Also, let’s hear from what the investing greats have said about it, Klarman and Peter Lynch previously in some of their writings, and then let’s look at the guys who dominate the activist investors who dominate the space. You get this comprehensive picture about thrift conversions, how to do them, how to make money, what to watch out for, etc.
For me, it took me probably 10 years before I stumbled onto thrift conversions. It’s really backwater of the market. I finally got there, like, “Hey, these are really interesting.” These are really low-risk plays with some medium– at least medium upside here, and sometimes high, depending on pricing. I thought, “Hey, this is a great opportunity. Why did it take me 10 years to catch on to this?” It’s really written for somebody who’s not familiar with these to try to get them up to speed, it’s really a crash course on how they work.
Understanding Thrift Conversions
Tobias: Well, why don’t we start at the start? What is a thrift conversion?
Jim: [chuckles] Yeah. A thrift conversion, basically, you have this whole class of banks that are mutually owned. They’re owned by their depositors. They’re really private banks, there’s about a little more than 450 of them left in the US today. Previously, there were more than 1000. Its owned mutually by the depositors, and at least in theory, legally, they own the capital in that business, but that really doesn’t mean very much. They don’t get to access it.
They really don’t have a lot of say in how it’s used or anything. For all intents and purposes, really nobody owns the bank. What happens is basically these banks then go public. It’s a recapitalization transaction, and the depositor-owners get to subscribe in the IPO offering. Usually, it’s mostly restricted to the depositors who can participate in the IPO.
Actually, it’s a really great setup, as you can imagine, the depositors are really selling it back to themselves. Management is on board. The economics are tremendously favorable here, because in many cases, you’ve got an already profitable bank, usually it’s got plenty of capital already. And then they add more capital into it. Basically, shareholders who participate in these get a bunch of capital in their bank for free, which is to say they get to buy an overcapitalized bank usually at a below tangible book price. It’s hard to go wrong ultimately.
Tobias: Is it a matter of they’re using it as customers of the bank– they’re using it because they want to take advantage of the services, then they get given the shares and then they’re not necessarily, they just view that as found value and they tend to just sell them and grab it at the time. It’s a little bit like a spinoff where folks aren’t necessarily interested in holding it. Is that what creates the opportunity?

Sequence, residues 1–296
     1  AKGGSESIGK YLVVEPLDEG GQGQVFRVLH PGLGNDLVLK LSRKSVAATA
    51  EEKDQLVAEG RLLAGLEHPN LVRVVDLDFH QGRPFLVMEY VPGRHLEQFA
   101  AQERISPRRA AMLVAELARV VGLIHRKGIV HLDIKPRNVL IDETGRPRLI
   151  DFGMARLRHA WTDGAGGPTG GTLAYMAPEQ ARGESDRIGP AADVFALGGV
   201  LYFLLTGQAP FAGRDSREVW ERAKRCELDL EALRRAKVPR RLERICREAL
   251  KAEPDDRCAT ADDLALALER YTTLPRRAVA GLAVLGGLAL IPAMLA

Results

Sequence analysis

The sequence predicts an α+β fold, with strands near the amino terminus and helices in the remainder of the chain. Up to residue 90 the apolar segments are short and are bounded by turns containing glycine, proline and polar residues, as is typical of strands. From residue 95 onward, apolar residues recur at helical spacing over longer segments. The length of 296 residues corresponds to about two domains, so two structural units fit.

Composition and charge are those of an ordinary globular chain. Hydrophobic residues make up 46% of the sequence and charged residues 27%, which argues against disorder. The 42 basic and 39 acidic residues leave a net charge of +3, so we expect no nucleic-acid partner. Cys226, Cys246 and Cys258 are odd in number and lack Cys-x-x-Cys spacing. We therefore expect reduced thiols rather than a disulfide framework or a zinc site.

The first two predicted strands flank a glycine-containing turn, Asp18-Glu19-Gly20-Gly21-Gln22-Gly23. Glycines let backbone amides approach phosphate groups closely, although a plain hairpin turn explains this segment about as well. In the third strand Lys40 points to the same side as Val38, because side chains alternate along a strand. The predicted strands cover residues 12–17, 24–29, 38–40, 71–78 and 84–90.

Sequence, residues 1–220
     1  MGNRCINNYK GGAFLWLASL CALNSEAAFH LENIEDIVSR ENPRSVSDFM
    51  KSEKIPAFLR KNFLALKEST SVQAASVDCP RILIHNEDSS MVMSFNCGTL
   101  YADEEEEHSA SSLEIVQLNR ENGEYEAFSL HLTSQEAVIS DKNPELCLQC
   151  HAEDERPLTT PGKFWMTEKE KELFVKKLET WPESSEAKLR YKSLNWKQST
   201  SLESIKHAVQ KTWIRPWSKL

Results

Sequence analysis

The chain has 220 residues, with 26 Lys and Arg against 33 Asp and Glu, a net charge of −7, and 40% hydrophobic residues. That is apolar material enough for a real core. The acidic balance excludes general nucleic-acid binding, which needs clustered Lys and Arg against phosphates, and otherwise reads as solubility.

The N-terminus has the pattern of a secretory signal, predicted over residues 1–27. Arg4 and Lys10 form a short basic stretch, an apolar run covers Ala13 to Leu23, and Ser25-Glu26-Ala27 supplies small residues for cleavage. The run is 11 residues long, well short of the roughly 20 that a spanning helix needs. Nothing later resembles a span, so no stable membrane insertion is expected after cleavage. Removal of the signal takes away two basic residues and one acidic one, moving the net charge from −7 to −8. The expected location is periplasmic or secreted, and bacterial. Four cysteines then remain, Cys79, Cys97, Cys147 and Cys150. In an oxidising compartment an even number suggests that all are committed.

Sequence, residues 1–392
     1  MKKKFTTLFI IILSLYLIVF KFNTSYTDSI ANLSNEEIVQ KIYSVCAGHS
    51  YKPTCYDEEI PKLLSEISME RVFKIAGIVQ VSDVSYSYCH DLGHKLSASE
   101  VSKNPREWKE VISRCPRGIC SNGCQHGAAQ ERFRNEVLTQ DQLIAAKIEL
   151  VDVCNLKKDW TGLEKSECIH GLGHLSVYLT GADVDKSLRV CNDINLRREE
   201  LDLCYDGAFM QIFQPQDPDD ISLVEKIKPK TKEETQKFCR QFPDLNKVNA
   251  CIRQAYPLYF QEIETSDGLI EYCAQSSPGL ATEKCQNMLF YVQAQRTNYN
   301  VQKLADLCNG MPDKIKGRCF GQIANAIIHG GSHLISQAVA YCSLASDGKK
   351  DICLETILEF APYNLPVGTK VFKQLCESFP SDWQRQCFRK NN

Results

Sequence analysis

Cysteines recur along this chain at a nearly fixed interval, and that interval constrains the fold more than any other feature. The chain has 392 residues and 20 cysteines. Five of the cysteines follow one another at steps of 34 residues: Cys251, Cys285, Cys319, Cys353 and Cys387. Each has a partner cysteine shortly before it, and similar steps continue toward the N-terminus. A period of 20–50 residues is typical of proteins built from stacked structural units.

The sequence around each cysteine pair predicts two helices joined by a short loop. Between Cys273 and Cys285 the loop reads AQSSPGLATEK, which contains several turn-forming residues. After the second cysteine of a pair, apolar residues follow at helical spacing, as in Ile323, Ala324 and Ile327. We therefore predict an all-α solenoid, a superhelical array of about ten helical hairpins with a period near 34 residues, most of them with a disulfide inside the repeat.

Jim: There’s definitely some of that because a lot of the depositors in these banks really don’t know a lot about this. Plenty do, so I don’t want to sort of paint too broad a brush here, because there’s a lot of investors who do put their deposit their money in the mutual and then try to participate in the IPO, but there’s plenty who don’t. Plenty are just in there for the first-day pop if you get them 15% to 20% upside, and then they’re just gone, and they’re not interested.
I think that there’s really two aspects to this. The first is, there’s an alignment between insiders and outsiders here. Basically, you’re buying on the same terms as the insiders, because in a traditional IPO, what you’ve got is a bunch of insiders selling to outsiders, either their own shares or raising new capital. That’s not the situation in a thrift IPO because, in some sense, effectively, nobody kind of owns it. You’ve got different motivations.
The insiders, those are the bank insiders who are participating, are participating on the same terms as the outside shareholders. You don’t have that same sort of inside-outside dynamic that you have in a traditional IPO. They’re also interested, as you might imagine, as we see in other spinoff realms, where they’re interested in giving themselves cheaper options, and things like that, which you’ve got here, they’ve got their thumb on the scale a little bit in terms of valuation. There’s a nice setup there where they can keep the valuation a little bit lower. That’s the first part.
Peter Lynch – Hidden Cash In The Drawer Trick
The second part here, though, is really it’s because a lot of the value comes from, you’ve got this inaccessible capital so that when I put up new capital, I then suddenly get access to this previously, untouchable capital. I’m just really being given free money as the bank. Peter Lynch calls this ‘the hidden cash in the drawer trick’ basically. You buy a house, and then you go in, and you’ve got your purchase price back in cash in a kitchen drawer in the house. That’s the sense in which there’s free money here. To conceptualize it a little bit differently, the bank basically promises to give you that access to that capital if you put up a little bit more, so you’re always getting something in excess of what you put in.
Tobias: To summarize, the inside is unlike a normal IPO, where the insiders are trying to get the highest price they possibly can. These insiders, because they want to participate because they’re basically employees becoming owners, they want to participate, they’re also interested in keeping the price low, so they’re sandbagging a little bit. Who ends up control– does there ever end up being a big, concentrated controlling shareholder or is it a very dispersed shareholder base?